Minister Donohoe gets National Bike Week into gear

29th May, 2015

Minister for Transport, Tourism and Sport, Paschal Donohoe TD, today (Friday) launched National Bike Week in Dublin’s Phoenix Park. The week-long event is taking place throughout Ireland from June 13th until June 21st, with the aim of encouraging more people to cycle every day and to demonstrate just how easy it is to switch to using the bike. This year Sligo has been chosen to host the opening event for Bike Week on Saturday June 13th.  A family bicycle festival is taking place in Cleveragh Regional Park. The Festivities will also include a pageant with a cycle theme within its central theatrical piece.


Speaking at the launch Minister Donohoe said: ‘I know from my own recent family holiday, where we cycled along the Great Western Greenway in County Mayo, the enjoyment that cycling can bring. I’m delighted to see so many family friendly events planned for Bike Week 2015 which I know will encourage people to consider cycling and I would urge people to visit the Bike Week website ( to find about their local events. Cycling is a convenient, healthy, cost effective and environmentally friendly way to get around. As a committed cyclist, and in my role as Minister for Transport, I am happy to see a steady upward trend in cycling as outline by an NTA report recently which states that the number of people cycling today is more than double that of 2006’.


“We now need to increase the numbers cycling to school to continue that growth. The number of school events taking place during Bike Week 2015 is crucial to achieving that goal. My Department is funding a new cycling standard “Cycle Right” that will pilot in schools this Autumn and which will be rolled out across 2016. I would urge parents to use the opportunities provided by Bike Week 2015 to get out on their bikes with their children and experience how much fun cycling can be.”


Cycling is growing in popularity throughout Ireland and has multiple benefits, particularly in improving health and fitness.  As a mode of commuting it is reliable and often quicker than a car trip.


The number of people cycling every day in Ireland has more than doubled in the last ten years. The last Census recorded a 10% increase in the number of commuters cycling each morning.  Men account for more than two thirds of those cycling to work each day (29, 075 of 39,803 cycling to work each day are men according to Census 2011 figures).   The same 2011 Census also revealed how, for the first time ever, the number of women driving to work each day exceeded that of men.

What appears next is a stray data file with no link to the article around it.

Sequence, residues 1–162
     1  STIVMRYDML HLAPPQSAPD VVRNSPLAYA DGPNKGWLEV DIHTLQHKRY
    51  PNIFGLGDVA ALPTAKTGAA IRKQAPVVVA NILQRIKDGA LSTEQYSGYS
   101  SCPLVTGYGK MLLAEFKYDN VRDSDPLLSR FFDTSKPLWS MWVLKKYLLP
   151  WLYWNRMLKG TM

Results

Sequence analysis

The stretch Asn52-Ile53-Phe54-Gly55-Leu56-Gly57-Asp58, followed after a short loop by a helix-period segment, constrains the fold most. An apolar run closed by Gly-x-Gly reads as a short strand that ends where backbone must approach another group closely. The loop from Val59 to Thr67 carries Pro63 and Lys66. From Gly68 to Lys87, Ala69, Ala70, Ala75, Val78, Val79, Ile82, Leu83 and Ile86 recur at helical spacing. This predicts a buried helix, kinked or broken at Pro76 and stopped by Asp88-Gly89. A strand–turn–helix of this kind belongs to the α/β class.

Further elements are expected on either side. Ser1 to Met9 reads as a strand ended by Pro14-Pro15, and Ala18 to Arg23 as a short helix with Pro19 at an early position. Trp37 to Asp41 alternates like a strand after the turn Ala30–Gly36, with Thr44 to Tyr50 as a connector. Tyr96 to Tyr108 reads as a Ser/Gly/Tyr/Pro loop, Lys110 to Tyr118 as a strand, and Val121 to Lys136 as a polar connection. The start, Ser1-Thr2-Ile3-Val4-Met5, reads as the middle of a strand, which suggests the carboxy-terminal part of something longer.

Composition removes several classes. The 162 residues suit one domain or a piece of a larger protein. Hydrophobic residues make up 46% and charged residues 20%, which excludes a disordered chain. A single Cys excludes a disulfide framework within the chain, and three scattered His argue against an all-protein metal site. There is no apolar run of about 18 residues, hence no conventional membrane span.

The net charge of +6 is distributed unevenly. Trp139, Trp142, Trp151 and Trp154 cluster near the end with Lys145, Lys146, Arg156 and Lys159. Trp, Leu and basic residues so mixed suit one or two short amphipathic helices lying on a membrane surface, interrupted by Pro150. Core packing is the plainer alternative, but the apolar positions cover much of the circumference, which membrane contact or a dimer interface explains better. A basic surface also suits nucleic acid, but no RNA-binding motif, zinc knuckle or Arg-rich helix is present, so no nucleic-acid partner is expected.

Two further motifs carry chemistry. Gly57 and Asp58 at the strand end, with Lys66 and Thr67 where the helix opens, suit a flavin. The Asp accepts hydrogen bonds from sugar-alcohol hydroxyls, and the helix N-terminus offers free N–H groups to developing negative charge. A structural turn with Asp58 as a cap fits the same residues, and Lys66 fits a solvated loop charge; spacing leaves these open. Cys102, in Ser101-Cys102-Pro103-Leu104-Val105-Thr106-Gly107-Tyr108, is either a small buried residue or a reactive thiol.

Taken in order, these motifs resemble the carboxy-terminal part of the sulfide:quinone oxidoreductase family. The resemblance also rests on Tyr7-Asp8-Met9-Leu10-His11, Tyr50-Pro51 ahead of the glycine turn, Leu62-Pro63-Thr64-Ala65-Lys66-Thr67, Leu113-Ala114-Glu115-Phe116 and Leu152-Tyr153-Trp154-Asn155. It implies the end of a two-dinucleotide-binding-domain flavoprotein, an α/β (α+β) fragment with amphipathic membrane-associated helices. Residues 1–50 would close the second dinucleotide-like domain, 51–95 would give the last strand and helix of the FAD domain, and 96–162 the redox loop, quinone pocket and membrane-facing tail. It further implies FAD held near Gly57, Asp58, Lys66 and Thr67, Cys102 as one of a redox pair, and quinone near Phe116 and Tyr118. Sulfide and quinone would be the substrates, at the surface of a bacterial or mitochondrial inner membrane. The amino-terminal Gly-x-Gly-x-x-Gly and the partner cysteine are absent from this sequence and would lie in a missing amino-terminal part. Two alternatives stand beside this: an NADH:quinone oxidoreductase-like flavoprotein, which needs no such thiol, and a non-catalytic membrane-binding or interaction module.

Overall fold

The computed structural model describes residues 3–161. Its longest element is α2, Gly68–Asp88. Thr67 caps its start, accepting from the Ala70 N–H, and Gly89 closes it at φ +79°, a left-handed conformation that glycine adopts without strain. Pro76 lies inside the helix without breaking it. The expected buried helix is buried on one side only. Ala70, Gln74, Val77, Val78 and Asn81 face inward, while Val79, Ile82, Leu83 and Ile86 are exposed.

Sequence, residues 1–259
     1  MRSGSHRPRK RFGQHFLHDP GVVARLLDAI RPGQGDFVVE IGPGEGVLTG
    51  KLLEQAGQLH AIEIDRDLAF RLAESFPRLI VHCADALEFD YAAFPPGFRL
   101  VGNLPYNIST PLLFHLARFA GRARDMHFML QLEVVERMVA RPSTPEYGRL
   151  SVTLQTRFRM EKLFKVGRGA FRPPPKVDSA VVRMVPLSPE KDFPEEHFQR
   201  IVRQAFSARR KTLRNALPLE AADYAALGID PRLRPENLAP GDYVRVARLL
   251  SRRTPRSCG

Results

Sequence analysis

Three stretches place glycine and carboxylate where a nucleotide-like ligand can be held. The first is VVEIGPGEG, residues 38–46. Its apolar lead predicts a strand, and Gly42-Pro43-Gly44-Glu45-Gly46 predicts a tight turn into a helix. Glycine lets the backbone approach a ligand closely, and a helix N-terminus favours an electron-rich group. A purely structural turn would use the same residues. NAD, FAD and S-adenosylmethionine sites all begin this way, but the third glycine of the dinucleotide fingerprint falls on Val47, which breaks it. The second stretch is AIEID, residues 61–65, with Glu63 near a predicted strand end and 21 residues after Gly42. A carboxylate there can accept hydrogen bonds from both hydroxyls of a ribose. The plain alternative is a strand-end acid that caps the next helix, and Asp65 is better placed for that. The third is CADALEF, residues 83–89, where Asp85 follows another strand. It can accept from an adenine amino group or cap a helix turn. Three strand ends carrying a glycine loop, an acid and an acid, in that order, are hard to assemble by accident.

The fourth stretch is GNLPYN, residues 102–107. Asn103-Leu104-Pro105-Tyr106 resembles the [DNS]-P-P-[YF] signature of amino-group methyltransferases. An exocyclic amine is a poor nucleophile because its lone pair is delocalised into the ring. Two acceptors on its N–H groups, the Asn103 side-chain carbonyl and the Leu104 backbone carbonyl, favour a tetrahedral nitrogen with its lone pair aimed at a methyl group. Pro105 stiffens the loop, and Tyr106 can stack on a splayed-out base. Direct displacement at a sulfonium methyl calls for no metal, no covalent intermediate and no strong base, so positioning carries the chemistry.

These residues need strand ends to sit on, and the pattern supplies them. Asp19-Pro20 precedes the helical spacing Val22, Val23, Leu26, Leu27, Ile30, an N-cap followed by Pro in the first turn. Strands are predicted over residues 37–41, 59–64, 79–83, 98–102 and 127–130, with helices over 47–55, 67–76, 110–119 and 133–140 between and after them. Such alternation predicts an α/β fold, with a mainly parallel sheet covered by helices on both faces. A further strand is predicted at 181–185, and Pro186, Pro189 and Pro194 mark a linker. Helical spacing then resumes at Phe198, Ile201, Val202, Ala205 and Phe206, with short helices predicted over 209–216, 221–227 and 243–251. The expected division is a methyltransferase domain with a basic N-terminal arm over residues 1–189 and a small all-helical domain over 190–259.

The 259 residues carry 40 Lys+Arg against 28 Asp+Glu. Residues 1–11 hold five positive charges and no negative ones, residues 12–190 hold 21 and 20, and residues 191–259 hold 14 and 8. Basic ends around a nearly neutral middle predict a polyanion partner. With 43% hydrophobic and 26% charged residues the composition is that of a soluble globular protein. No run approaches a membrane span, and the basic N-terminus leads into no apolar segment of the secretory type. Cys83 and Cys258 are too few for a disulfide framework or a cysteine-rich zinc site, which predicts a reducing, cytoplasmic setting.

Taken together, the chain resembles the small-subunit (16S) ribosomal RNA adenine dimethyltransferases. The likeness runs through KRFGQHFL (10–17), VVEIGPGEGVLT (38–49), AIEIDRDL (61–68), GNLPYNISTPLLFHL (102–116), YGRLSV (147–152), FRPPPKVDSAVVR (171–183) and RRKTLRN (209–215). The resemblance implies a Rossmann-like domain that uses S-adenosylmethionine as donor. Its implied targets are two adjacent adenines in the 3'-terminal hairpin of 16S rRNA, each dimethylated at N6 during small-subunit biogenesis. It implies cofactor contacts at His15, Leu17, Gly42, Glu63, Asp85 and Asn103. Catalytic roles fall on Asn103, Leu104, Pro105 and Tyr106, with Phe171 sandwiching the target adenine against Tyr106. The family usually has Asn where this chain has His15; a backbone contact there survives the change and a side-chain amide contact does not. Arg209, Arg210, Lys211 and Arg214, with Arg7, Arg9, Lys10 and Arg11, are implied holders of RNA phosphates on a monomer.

National Bike Week 2015 includes hundreds of free cycling events throughout the country.


This year’s events include family fun cycles, bike care and safety skills training, a workshop in Cloughjordan in Tipperary on how to make your own bike from recycled materials, heritage cycles including one in Galway, aptly named ‘Slí na gCaisleáin’ (the way of the castles) which takes in seven castles in its route. Other events include mountain bike skills training in Barrow, Co Carlow and Ballyhoura, Co Limerick, a week long bike festival in The Phoenix Park that includes a bicycle themed film festival and much more.


All Bike Week events are free to the public and open to people of all ages and cycling abilities. A complete listing of events taking place throughout the country can be found by logging on to




Editor’s Notes


Bike Week is an initiative of the Department of Transport Tourism and Sport.  The aim of Bike Week is to raise awareness of cycling and to encourage more people to take up this healthy, low cost and environmentally friendly way of making shorter trips.  Bike Week events are organised by local authorities, community groups and cycling groups around the country.  Events will be taking place in every county.


The Department of Transport, Tourism and Sport is committed to the promotion of cycling as a key means to reduce the country’s reliance on the private car.  Reducing car use will reduce carbon and other emissions from transport and will reduce congestion on our roads.


The 2011 census showed that over 200, 000 people travelled less than 4km by car on their daily commute to work, school or college.  A 4km trip would take 10 to 15 minutes to cycle.